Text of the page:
Black/Brown Girls Travel, Lamentations of a Mixed Chick

It feels like a cliché to complain again about my own racial ambiguity, but that’s honestly because I always live in the same soup.

I’m feeling a little disappointed. My friends who are international students told me that it’s really only in the US that they talk about race. The obvious problems of not having a vocabulary or conversations about systemic racial inequality aside, I was hoping that maybe this would translate to questions about my own origins desisting once I went abroad. Unfortunately this hasn’t been true. It’s about once a day now that I’m asked some version of, “Where are you from?” and of course they’re never satisfied with “New York.”

It’s just tiring.

Take this example:

We all live our lives having the same conversations over and over. We introduce ourselves a million times, meet new people, and repeat the same scripted introductory conversations over and over. Except that when I was taught about the, “Where are you from?” conversation, it wasn’t something that someone prepared me to be harassed over and over again for. No one explained that it would be something I would be asked more than anyone else I know, at all hours of the day from strangers who barely even know my name.

And I know why it matters that I’m even asked.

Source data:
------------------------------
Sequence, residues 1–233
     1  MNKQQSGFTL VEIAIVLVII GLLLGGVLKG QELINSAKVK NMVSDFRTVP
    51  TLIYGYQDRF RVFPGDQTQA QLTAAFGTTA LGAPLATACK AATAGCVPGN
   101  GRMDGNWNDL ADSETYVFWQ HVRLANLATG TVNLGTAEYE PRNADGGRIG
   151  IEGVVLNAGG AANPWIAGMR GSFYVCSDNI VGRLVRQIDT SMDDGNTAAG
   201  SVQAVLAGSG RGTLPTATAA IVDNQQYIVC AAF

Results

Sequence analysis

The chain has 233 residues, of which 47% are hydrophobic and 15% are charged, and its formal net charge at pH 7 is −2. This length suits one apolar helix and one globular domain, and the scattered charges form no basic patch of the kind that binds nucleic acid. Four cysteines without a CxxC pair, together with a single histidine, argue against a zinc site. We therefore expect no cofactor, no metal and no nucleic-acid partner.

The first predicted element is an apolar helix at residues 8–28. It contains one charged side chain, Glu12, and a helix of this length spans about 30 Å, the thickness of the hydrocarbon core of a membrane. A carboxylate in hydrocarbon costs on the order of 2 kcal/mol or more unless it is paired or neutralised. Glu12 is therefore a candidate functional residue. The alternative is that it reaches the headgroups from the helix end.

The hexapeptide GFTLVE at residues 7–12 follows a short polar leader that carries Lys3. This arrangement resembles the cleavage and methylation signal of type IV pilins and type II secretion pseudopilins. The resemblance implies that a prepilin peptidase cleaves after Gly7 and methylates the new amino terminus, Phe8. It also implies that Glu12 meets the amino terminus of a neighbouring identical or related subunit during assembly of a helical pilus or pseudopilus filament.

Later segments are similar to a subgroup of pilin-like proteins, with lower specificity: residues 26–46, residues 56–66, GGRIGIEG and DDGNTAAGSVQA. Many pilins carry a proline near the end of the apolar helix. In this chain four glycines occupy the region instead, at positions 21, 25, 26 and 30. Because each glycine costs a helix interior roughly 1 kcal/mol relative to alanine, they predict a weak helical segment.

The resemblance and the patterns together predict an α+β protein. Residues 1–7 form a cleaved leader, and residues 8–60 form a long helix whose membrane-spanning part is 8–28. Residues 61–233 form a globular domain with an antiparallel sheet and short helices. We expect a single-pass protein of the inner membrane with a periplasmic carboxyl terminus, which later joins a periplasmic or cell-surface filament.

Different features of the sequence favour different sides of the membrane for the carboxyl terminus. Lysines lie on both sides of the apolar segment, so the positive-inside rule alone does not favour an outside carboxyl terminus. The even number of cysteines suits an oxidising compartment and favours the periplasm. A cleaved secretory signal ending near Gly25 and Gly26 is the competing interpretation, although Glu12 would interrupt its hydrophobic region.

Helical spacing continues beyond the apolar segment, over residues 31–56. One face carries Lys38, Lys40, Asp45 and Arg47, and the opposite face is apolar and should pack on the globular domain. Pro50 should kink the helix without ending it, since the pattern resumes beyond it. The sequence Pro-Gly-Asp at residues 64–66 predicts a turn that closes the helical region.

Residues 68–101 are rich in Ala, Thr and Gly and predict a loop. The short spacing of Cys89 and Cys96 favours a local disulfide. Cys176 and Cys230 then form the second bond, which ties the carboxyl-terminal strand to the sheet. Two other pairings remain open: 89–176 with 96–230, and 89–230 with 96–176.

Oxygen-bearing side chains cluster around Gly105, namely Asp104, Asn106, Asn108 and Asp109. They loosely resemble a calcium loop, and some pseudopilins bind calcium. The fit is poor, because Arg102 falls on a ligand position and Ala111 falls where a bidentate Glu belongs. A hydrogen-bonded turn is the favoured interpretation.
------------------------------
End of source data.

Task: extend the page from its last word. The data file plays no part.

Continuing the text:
But remember when I said that it was just tiring? I live my existence as everyone’s familiar stranger. When they ask me where I’m from, or where I’m REALLY from, or what my nationality is (Which is not the question they think they’re asking), or what my origins are, or where my parents are from, or if I’m Brazilian, Guyanese, Indian, Hindu, Muslim, Venezuelan, Colombian, Dominican, or Puerto Rican, they see both the familiar and the strange in me. It’s like when you approach someone from behind, thinking it’s your friend, but when they turn around, it’s just some random person in the street you don’t know, who is wondering why you’ve interrupted their day.

I am refusing to embrace the noise. If I were cleverer, or more relaxed, I would have better evasions for these questions. I would ask them to guess, or ask them the same question. If I weren’t so bothered, maybe I would. The truth is that an ideal situation doesn’t exist. Even if people don’t ask, I’m left wondering what assumptions they’ve made. Most often, they’re wrong anyway, and need to be corrected.

I once wrote that race has given me the burden to redeem it as a concept, but fuck that. I’m not the one who invented it. I’m not the one responsible for others’ assumptions, but having to deal with the consequences is the shit I don’t like.

So, if you’re reading this, and you’re a person of color, I want you to know that this is some of what you might experience as a traveler. My struggle may not be yours, but I hope that being aware of it will help you in your journey.

If you’re not a person of color, please don’t let your guilt get in the way of you actually doing something to assist others in their struggle. It’s okay if you feel disconnected from this struggle. If you have a friend going through this, be there for them. Don’t make assumptions. Just ask what they need.